T.J. Britt and his Wide Open fishing team had a goal of catching a 30-pound king mackerel when they headed out of the Charleston Jetties early Tuesday morning. A 30-pounder would put them in good position in the South Carolina Fall Classic King Mackerel Series, a first-year statewide event.
Tournament teams could designate two fishing days for the tournament, beginning Sept. 16, weighing two fish each day with the smallest of the four weights thrown out. Britt and his crew members — Frank Wyndham, Greg Burris, Chris Bates and Jered Roberts — didn't get a chance to fish until late in the tournament, going out for the first time on Monday. But they made the most of that day, catching one king that weighed 35.7 pounds and another that was 34.1 pounds. So a 30-pound catch didn't seem out of the question.
But the monster king mackerel they brought to the Toler's Cove Marina scales Tuesday afternoon weighed a mind-boggling 61.3 pounds, just seven/tenths of a pound off the South Carolina state record that has stood for more than four decades.
Forty-three years ago, John Brownlee III, fishing aboard the party boat Gulf Stream II, captained by Randolph Scott and docked at Shem Creek, caught a 62-pound king mackerel. Brownlee's state record fish measured 54.33 inches in fork length; Britt's catch measured 59 inches and had a girth of 26½ inches (the girth of Brownlee's catch was not recorded).
"It never crossed my mind what the state record was," Britt said. "I knew going into Day 2 of the tournament that we needed to have a 30-pound fish to compete in the top five. Then somebody came down to the dock and said we had missed it by 0.7 pounds. That's so cool. It's the largest fish ever weighed in a king mackerel tournament in the state of South Carolina."
The back story on the fish makes for a memorable fishing tale. Britt, who is a travel team baseball coach and owns a heating and air company, said time was running out for the South Carolina Fall Classic (scfallclassic.com), with the last fishing day on Saturday.
"We fished on Monday and caught 19 (king mackerel) in an hour and 44 minutes," Britt said. Their two big fish gave them a 69.8-pound aggregate, putting them high on the leaderboard. Not everyone could get off work to fish on Tuesday, so Britt, Wyndham and Burris headed out in nasty conditions.
"It was overcast. It was raining. It was windy. It was horribly rough," Britt said. "We literally caught eight menhaden (for bait). That's all we had. We didn't start fishing until 11 o'clock. We jigged up two pinfish off the bottom."
They nearly got their 30-pounder at 1:10 p.m., boating a king mackerel that would weigh 28.5 pounds. They then put the other pinfish out on a downrigger and 30 minutes later landed the monster.
"Frank Wyndham was on the rod, I was on the gaff and Greg Burris was on the wheel," Britt said. "We caught the fish in about nine minutes, and he almost spooled one of my Avet reels. When the fish came up, he made a loop around the bow of the boat. I have a 12-foot gaff and when I stuck him my gaff got hung up in my T-top. The fish freaked out and came off the gaff and went down about 15 feet. He only had one treble hook in him, in the side of the head."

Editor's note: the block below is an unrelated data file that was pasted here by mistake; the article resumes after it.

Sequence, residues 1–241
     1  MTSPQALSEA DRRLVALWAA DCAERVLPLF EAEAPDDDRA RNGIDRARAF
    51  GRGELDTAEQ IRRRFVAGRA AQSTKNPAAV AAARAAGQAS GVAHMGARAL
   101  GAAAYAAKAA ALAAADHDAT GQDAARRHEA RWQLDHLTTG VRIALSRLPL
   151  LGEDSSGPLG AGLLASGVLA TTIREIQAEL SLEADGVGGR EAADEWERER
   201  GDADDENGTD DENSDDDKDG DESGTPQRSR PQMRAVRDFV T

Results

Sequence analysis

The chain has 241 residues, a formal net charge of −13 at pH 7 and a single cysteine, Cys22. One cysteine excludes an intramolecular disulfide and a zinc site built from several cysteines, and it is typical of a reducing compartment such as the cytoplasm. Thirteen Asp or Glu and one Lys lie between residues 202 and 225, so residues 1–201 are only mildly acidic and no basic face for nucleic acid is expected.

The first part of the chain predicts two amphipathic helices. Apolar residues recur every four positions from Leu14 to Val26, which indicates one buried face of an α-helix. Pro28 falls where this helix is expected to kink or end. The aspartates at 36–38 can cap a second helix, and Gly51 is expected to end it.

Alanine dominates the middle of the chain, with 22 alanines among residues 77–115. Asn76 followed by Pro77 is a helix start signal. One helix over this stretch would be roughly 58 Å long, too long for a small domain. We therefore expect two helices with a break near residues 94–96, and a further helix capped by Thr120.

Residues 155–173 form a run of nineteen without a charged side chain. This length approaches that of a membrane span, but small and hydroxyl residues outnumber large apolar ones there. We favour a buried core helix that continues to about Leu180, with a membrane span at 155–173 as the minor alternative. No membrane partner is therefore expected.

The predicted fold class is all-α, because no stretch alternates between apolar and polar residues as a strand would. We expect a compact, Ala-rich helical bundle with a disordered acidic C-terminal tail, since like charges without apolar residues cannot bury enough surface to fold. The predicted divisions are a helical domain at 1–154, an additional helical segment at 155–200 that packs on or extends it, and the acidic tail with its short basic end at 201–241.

But Britt said everyone stayed calm, did their jobs and they soon were able to gaff the fish again. It took all three to bring the big fish over the side of the boat.
"He looked like a dinosaur. I've been kingfishing for 20 years and never in my life seen something that looked like this," said Britt, who at the time thought the fish weighed about 50 pounds.
Britt said he and his crew began fishing tournaments about nine years ago, gradually moving up from an 18-foot center console, and have enjoyed enough success to warrant sponsorship from Sea Pro and Simrad.
Breaking the 50-pound mark undoubtedly will help them in the South Carolina Fall Classic. Tournament founder Capt. Marc Pincus of Hilton Head modeled the event after the South Carolina Wahoo Series he began about nine years ago, and one of the wrinkles was including a 50-pound rollover tournament within a tournament. If no one caught a 50-pound king, the money would be held and go into the following year's 50-pound rollover. But the question of how that money would be handled was answered by Wide Open.
Pincus began the South Carolina Fall Series to highlight the incredible fall king mackerel fishing off the South Carolina coast, "and it's been epic," he said.
Boats could weigh their catch at Hilton Head Harbor Marina, Toler's Cove Marina in Mount Pleasant or Georgetown Landing, giving the event a true statewide presence.
"It's exactly what I was hoping it would be. I did a little test event last year (out of Hilton Head) to see if it would work and people liked it. But it's exceeded our expectations," he said, noting that in addition to Wide Open's 61-pound catch, a 45-pounder was weighed along with three fish over 40 pounds.
Registration for the six-week event was $400 per boat and Pincus had 81 boats sign up. The top seven three-fish aggregates will earn paychecks with first place paying $15,000.